Uprooted; An NGO’s concern about the untold resilience of women in conflict



By Abdulkareem Haruna 

Halima Bukar spoke with suppressed emotions as she relayed her terrifying escape experience when Boko Haram insurgents attacked her community, Bama in Borno state, some years back.    

“We spent three days looking for our children as we escaped from Bama…when see dead bodies we stopped to check if they are our children, but we will see they are not”, said Halima. 

Halima, 40 years old was narrating her ordeals of two years back to a filming crew of PAGED Initiative, a media-biased budding Non-Governmental Organisation (NGO)  that tries to explore the survival instinct and resilience of Boko Haram victims.  

Bintu Tijjani was 47 years old when Boko Haram attacked Bama. She is now 50. She spoke about how she had found a new life in her displacement as she eke out a living selling iced water and soft drinks from the deep freezer she was able to acquire through petty trading. 

Though happy for being a survivor of the attack on Bama three years ago, Mrs tijjani still recalls her ordeal after spending days in the bush trying to escape to Maiduguri. 

“We spent 15 days without eating or drinking while looking for our children”, she told the ‘Uprooted’ crew. “We will cross rivers, go to one village and they will tell us that if you go to that village there are children there. We will go there and discovered they are not there”. 

Both Halima and Bintu said it was by the grace of God that they later reunited with their children in Maiduguri. But many others could not reunite with either husbands or their kids. 

Now patching up with her husband and kids in a rented single room apartment in shanty suburbs of Maiduguri, Halima said she was happy that she could still live a normal life and even do little business to help her husband in getting the kids in school and providing for the family. 

The High definition of the video beamed on a projector screen did not help in concealing telltales of pains and anguished that the women passed through after Boko Haram conflict had dislodged their former peaceful life. 


This is the kind of story that we want to use the ‘Uprooted’ project to tell”, said Ummi Bukar, who is the managing director of PAGED Initiative.


“The stories different from the usual negative reports about people in displacement and lack; the one that talks about the resilience of the survivor beyond the conflict to silver-lining”. 

“The dominant perception of the survivors of the conflict, fuelled by current reportage, is as victims, rather than a actors possessing agency - a narrative/ perception that does them more harm than good”.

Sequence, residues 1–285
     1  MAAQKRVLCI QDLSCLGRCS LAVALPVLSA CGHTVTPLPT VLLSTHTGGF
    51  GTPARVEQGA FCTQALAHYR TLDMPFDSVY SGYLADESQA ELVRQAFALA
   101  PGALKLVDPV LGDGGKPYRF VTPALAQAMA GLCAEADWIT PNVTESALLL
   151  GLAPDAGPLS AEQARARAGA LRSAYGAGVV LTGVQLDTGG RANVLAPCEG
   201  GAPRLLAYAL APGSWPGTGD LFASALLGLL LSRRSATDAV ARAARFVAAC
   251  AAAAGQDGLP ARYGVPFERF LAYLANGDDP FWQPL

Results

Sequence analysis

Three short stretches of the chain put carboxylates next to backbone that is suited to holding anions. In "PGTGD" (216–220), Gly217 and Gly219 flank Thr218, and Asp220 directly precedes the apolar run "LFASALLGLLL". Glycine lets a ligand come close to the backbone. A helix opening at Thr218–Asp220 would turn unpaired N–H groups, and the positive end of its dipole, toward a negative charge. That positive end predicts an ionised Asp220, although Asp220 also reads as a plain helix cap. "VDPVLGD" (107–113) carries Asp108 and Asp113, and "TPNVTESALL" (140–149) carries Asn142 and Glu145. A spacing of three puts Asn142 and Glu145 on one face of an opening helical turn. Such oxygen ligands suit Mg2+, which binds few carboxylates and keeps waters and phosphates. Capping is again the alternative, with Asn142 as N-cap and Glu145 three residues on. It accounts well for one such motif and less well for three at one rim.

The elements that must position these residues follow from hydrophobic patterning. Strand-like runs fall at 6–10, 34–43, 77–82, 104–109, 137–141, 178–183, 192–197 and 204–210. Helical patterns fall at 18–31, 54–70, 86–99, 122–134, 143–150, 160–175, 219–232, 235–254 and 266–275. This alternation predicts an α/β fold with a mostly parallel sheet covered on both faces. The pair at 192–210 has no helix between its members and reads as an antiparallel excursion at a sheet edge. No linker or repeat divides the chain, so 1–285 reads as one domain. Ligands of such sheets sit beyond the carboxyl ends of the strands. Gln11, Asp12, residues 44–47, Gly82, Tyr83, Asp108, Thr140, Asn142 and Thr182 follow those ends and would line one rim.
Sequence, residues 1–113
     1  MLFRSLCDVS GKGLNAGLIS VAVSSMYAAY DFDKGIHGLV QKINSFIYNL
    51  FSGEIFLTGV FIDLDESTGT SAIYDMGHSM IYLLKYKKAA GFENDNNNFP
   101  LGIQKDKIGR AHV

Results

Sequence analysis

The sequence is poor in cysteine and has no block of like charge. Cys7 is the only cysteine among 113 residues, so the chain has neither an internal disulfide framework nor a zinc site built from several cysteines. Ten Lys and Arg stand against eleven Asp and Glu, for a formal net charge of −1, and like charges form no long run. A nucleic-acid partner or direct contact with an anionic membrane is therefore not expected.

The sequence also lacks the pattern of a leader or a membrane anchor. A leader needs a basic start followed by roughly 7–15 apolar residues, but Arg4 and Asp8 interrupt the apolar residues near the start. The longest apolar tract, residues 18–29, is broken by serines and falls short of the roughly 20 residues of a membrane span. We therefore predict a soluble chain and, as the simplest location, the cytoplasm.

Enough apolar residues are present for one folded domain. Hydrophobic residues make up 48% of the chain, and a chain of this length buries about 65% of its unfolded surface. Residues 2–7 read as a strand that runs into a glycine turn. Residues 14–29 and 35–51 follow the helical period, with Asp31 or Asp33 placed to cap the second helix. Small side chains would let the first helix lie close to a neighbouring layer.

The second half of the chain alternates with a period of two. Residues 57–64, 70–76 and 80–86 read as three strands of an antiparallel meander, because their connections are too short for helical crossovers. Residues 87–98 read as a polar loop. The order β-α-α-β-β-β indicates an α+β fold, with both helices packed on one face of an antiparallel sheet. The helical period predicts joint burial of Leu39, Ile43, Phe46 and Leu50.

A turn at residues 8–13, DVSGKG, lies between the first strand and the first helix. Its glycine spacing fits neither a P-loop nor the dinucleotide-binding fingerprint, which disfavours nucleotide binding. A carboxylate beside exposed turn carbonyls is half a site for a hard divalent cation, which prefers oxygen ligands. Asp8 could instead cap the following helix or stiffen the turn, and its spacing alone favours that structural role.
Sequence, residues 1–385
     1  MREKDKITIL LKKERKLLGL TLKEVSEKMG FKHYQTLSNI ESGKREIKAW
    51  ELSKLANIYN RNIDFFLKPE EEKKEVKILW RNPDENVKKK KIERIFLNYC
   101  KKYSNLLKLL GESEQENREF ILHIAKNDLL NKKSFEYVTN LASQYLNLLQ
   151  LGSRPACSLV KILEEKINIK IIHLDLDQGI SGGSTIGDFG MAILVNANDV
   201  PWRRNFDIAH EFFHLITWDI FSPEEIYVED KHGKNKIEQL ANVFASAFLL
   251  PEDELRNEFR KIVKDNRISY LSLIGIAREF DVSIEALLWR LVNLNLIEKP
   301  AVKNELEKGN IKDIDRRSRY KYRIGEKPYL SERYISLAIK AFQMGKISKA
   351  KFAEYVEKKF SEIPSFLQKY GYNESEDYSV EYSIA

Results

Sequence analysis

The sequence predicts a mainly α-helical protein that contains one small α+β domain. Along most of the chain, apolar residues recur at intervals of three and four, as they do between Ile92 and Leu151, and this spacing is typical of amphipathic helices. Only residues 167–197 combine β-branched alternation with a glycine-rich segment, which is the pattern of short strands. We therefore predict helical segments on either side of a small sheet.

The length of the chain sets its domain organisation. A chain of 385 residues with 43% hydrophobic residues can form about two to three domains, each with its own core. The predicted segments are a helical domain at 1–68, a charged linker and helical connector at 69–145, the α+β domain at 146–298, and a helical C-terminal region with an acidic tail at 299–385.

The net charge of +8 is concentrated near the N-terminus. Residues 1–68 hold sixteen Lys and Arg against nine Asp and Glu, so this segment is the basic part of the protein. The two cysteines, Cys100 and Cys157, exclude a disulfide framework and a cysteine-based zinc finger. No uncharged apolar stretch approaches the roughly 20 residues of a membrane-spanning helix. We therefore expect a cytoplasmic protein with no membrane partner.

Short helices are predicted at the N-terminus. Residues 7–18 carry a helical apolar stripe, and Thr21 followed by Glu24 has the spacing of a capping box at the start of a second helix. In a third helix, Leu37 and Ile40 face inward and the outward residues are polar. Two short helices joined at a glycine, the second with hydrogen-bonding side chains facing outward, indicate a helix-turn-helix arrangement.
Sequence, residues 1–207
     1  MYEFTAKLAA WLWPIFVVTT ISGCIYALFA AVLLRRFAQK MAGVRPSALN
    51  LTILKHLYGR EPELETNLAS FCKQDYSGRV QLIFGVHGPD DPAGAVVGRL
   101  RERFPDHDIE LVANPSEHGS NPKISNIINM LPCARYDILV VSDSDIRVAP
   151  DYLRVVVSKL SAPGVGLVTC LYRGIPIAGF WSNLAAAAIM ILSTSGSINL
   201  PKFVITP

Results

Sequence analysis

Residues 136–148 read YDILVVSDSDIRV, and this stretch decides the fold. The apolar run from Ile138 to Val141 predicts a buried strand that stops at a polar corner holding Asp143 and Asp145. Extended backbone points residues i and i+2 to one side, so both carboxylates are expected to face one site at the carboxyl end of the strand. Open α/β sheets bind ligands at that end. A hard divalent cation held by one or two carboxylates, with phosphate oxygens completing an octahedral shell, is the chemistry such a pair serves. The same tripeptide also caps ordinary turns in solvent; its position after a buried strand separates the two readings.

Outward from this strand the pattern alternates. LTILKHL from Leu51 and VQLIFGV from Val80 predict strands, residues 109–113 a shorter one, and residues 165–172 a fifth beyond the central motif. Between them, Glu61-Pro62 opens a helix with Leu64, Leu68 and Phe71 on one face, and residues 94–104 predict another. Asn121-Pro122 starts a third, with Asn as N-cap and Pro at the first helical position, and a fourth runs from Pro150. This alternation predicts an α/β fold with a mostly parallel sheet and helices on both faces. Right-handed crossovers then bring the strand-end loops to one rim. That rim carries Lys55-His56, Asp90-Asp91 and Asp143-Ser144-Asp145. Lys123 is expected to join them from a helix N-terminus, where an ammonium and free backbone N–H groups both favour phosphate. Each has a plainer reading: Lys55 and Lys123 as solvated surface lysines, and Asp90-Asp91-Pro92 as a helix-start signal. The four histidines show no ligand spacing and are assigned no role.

Miss Bukar spoke at the launch of the ‘Uprooted; Yet Surviving’ a video documentary telling the stories of how Boko Haram displaced women are managing to piece together their shattered lives. 

She said the Uprooted; yet surviving project appreciates the female resilience amidst the raging conflict and strife in the northeast region. 

She said the project tries to look at how women and girls manage to eke out a livelihood through “decision making power”, which are some of the alien qualities they suddenly acquired amidst their state of displacement and lack. 

“The project aims to restore their (women and girls) dignity/pride in living by producing a film  to be used for sensitisation and advocacy purposes”, she said. 

The 20 minutes video, which is a ground tester to a proposed one hour full documentary to be developed later on, was watched by a creme of civil society actors and journalists who gathered in a mini hall at Barwee Hotel Maiduguri. 

The launched film was actually not a premiere. It was only test-produced with a view to engender possible critique of the work for further editing and improvement.

Miss Bukar said PAGED Initiative would rely heavily on suggestions made by previewers to develop a full documentary. 

Chief of the Civil Society Network in Borno state, Ambassador Ahmed Shehu, said the UPROOTED project of PAGED Initiative was quite novel as it comes as the first that was ever attempted by a local Nigerian NGO. 

Miss Bukar, M.D PAGED Initiative 
“We have to appreciate the fact that there is no better people that can tell our story than ourselves. We have seen a lot of NGOs who would produce this kind of project but only in Abuja. But PAGED Initiative decided to come down here to do it right in the local community so that they could get a better feedback in order to tell the story better”. 

Professor Patricia Donli, said the NGO deserved the loudest accolade for coming with an initiative that tries to tell the story from the point of view of resilient women. 

The 20 minutes film tells the stories of about four different female characters all with remarkable tales of how they were able to carry on despite the gory experiences that they have passed through. 

Previewers at the launch event all agreed that “Uprooted” tells a realistic story of what women and girls are going through in the cause of the ongoing Boko Haram conflict. 

The Boko Haram conflict has displaced nearly 4 million people within the North East subregion of Nigeria. Majority of the displacements are from Borno state. Women and children form the largest percentage of those affected by the conflict. 

Since 2009 that the war erupted, more than 20, 000 lives were lost on both sides of the conflict. 

A Graphic Time Line of Disappearing Lake Chad

Experts blame the Boko Haram conflict chiefly on poverty, illiteracy and lack of jobs amongst the millions of people around the dried Lake Chad. Lake Chad has today shrunken by 95 percent  from its pre-1960 size of over 20, 000 square km. This massive loss of water has left million of people from the riparian communities of Nigeria, Niger, Chad and Cameroon who depended on it for survival, in stiff competition over the scarce resource of the dried Lake. 


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